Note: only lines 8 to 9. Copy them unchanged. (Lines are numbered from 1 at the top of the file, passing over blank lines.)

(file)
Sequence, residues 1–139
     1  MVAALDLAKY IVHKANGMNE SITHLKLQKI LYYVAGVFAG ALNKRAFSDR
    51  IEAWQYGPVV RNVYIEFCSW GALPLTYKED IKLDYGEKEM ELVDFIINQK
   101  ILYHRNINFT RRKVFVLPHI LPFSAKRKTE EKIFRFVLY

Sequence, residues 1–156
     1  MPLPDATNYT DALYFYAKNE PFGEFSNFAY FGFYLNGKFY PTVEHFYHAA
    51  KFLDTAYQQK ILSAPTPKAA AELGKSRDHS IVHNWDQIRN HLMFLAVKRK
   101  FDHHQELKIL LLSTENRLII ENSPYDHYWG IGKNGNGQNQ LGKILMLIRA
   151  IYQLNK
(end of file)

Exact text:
   101  FDHHQELKIL LLSTENRLII ENSPYDHYWG IGKNGNGQNQ LGKILMLIRA
   151  IYQLNK